We've become a culture obsessed with getting entertainment early. VOD plays movies before they hit the theater; Chris Nolan leaks the best scenes in the Batman movies as trailers; I've listened to half the tracks on most albums I'm looking forward to by the time they hit Spotify. Gamers are at the vanguard of this phenomenon. For decades we've pored over magazines and websites (like this one) to see little images, watch little snippets, read little tidbits. We've squinted at grainy screenshots of the newest Thing in obscure Japanese periodical. We know everything about the media we consume before we consume it. No alarms and no surprises, indeed.
I'm not going to watch the first five minutes of BioShock Infinite online, and you shouldn't either. Some true facts: 1. The opening sequence in Bioshock is one of the all-time great immersive narrative setups, ever. 2. As good as the rest of the game was, it was the best part of the game, by far. 3. I will never forget where I was as I played it, under the covers of a bed in my cousins' house in Berkeley, my old laptop propped up on my knees. My jaw actually dropped.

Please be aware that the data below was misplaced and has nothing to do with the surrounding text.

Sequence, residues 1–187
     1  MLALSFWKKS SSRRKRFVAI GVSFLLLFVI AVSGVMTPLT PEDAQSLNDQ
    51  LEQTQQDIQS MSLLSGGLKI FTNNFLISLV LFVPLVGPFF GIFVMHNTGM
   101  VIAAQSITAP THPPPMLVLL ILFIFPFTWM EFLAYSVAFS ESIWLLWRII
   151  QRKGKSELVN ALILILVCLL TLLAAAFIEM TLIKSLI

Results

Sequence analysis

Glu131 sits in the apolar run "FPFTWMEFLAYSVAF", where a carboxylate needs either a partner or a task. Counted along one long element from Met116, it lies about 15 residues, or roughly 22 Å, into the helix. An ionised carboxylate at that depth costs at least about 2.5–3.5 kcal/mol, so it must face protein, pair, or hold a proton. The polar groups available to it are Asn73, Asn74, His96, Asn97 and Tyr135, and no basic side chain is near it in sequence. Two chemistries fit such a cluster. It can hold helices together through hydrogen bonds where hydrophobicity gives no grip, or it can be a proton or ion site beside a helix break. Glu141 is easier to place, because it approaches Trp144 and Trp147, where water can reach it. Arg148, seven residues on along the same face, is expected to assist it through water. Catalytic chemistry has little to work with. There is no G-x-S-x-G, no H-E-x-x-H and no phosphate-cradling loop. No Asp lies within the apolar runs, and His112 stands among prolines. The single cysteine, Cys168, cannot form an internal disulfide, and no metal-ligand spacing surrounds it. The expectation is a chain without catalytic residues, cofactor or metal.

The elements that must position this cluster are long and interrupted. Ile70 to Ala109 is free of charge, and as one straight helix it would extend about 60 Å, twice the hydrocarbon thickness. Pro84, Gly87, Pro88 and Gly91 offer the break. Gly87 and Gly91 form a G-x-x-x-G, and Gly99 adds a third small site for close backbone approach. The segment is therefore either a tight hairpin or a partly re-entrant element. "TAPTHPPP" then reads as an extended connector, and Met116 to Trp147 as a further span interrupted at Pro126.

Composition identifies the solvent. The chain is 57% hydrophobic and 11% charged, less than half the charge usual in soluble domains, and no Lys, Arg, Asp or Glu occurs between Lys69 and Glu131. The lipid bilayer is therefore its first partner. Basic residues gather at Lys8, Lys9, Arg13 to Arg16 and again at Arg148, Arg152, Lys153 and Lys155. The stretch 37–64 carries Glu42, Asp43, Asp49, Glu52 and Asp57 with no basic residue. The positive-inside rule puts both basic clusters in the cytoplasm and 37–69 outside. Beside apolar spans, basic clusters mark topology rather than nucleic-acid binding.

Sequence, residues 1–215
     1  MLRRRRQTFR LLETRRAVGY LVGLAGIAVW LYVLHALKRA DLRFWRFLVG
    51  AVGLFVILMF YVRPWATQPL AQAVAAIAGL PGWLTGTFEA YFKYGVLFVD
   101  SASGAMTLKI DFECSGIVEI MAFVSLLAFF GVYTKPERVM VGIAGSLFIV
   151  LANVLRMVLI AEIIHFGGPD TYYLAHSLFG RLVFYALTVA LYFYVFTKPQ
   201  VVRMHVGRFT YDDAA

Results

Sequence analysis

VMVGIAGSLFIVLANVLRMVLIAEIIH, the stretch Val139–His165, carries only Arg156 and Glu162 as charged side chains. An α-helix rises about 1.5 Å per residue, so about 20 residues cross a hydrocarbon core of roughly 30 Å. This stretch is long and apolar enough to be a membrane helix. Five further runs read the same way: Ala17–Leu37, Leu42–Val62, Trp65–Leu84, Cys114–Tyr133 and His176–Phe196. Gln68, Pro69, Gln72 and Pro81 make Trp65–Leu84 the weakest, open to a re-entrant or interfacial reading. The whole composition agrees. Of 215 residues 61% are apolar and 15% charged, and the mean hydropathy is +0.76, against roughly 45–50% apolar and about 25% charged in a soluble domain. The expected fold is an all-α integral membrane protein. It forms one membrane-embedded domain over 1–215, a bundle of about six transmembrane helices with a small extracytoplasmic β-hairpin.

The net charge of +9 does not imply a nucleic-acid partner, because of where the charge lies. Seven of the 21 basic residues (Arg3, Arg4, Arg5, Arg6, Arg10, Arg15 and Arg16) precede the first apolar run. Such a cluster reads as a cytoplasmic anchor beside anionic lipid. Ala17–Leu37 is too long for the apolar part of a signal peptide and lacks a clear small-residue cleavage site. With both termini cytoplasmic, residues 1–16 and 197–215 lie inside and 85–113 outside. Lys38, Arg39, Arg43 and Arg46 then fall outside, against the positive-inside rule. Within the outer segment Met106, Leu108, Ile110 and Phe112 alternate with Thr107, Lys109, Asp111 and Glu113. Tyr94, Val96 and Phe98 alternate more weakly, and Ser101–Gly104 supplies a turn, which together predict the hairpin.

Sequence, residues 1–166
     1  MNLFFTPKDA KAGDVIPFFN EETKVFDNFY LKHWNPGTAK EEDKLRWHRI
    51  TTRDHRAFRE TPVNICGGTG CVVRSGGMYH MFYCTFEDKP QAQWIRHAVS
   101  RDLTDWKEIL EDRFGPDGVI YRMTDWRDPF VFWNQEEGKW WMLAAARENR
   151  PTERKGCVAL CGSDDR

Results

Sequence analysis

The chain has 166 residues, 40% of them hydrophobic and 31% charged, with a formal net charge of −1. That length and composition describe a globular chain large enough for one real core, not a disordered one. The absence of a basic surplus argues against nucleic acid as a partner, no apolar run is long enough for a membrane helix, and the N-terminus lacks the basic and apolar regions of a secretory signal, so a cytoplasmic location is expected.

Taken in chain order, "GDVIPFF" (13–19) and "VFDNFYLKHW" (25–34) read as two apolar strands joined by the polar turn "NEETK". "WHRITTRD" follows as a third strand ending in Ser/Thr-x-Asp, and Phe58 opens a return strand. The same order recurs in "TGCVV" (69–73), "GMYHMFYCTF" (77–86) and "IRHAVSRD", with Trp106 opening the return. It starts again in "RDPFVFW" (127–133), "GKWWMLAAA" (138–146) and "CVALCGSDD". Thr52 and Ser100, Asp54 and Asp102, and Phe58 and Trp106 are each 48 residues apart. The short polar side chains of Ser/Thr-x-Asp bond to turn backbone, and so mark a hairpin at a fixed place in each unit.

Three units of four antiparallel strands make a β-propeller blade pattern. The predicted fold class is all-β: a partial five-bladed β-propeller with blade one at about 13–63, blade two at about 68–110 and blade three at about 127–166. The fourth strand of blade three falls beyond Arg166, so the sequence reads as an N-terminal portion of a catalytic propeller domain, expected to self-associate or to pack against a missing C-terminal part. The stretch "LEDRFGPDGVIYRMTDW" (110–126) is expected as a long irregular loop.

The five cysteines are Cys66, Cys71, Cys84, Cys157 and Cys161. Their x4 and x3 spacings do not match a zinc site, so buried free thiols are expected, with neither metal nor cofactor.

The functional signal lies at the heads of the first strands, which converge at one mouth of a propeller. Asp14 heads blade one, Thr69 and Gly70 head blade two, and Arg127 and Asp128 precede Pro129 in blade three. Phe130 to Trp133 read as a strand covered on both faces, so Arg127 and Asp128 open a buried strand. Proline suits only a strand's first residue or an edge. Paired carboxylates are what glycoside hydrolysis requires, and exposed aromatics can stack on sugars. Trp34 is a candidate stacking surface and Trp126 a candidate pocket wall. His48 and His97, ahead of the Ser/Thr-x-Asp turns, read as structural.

What if I had already watched - not played - the opening in a little grainy YouTube player? I would have ruined one of the most memorable gaming experiences of my life! So, enough is enough. I'll download all the leaks off the new A$AP Rocky album; I'll devour everything I see about Pacific Rim, but I am not watching one second of the Bioshock Infinite opening before the game comes out.
Irrational wants to stoke our anticipation - I get that; it's business. But if you let your anticipation get the best of you, you'll be robbing yourself of that pure moment on March 26 when you sit down, put the game in your PlayStation, dim the lights, and play. You'll have no idea what to expect. The possibilities will be infinite.